In 1984 Anton Heyboer broke with Espace and the entire establishment of museums and the art market in general.[1] He felt that his work was overpriced and felt constricted by rules about how many prints he was allowed to make from an etching. He wanted to shake up the art world and the lives of contemporary artists and desired to enable the public to experience art as a part of daily life.[1] He secluded himself in Den Ilp, where he lived and worked until his death.[11] His wife Petra Heijboer-Timmermans who left her gallery in Laren in order to set up a new "gallery" in Den Ilp, took (and still takes) care of the marketing and sale of his artwork to anyone who showed up on his doorstep. Her "Anton Heyboer gallery" has become a pilgrimage of sorts.[12]

The Dutch comedian André van Duin paid a visit to the Heyboer Den Ilp homestead in 1996 and included it in his comedy TV show in his role as meneer Wijdbeens.[13]

Legacy[edit]

View of room in Museum Jan van der Togt with a Heyboer in the collection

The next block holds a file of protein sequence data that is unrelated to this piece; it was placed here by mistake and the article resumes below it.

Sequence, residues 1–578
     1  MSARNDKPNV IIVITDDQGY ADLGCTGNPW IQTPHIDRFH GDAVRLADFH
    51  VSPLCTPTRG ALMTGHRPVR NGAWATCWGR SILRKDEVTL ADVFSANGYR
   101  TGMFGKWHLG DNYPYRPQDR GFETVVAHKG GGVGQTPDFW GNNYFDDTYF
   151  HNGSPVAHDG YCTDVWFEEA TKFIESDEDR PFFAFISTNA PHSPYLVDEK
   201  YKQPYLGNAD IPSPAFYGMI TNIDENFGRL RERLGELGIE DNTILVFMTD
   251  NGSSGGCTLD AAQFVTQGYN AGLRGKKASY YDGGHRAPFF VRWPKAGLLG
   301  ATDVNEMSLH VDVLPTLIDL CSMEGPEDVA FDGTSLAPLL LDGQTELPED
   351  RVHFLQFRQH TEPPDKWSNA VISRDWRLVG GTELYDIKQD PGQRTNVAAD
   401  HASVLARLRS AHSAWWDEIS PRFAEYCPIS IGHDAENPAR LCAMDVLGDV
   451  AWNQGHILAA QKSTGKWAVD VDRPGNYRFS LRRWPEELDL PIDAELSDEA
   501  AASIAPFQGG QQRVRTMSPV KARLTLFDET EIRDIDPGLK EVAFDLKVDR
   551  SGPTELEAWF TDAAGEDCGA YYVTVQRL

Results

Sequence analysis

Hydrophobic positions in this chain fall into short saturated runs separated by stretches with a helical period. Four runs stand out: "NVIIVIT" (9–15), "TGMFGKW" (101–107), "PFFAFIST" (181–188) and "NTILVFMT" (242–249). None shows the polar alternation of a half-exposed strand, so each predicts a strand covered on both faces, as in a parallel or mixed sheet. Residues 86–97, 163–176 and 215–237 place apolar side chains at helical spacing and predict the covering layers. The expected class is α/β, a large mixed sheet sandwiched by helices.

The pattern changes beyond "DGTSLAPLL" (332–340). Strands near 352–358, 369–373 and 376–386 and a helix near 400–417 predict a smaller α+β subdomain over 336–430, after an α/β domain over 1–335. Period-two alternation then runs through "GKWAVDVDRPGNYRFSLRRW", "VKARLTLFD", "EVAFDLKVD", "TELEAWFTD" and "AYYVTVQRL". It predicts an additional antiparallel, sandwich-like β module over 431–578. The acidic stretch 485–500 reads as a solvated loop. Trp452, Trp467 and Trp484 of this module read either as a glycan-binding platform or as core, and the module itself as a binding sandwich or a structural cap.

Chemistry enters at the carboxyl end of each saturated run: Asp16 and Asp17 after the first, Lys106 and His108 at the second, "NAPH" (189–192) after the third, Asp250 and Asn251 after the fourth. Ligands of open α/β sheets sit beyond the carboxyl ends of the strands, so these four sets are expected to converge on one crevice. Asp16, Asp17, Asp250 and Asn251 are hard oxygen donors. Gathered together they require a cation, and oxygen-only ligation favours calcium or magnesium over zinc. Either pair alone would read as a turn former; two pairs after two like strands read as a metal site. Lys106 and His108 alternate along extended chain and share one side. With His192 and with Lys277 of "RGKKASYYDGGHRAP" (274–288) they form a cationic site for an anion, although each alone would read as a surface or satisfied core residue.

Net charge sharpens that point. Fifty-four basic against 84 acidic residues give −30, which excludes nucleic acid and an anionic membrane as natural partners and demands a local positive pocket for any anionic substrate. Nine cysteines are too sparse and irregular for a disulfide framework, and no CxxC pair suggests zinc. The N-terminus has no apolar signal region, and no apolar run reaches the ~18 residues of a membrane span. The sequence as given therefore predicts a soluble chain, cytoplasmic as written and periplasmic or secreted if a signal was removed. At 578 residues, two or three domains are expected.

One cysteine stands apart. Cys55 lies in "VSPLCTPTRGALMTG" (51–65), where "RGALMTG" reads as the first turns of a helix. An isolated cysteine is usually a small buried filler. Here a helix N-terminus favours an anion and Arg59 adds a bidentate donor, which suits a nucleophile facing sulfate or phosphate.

On 10 April 2002 Heyboer was awarded the honorary title Ridder in de Orde van Oranje-Nassau. His most valued works are considered to be from his earlier years from the late 1950s, 1960s and 1970s, before he formally broke with the art world.

In 2012 an exhibition of his Haarlem works was to be shown at the Museum de Fundatie in Zwolle, but the museum cancelled because the owner of the works, Couzijn Simon, was unable to show the provenance of the works in a way that satisfied the museum's directors. He claimed to have bought from a "Mr. Bijvoet", a friend of Heyboer.[14] A later comment on this TV interview was given by another gallery owner who claimed that he owned a false Heyboer and that more of Heyboer's contemporaries had had forgeries of their works appearing on the market, and that the reservations about provenance made by the art taxation expert Willem de Winter (of Kunst en Kitsch) were probably correct.[15] In the TV interview it was clear from a short clip of Heyboer at work (from TV archives) that the artist would have been delighted to see such posthumous squabbling occurring among art lovers about his work.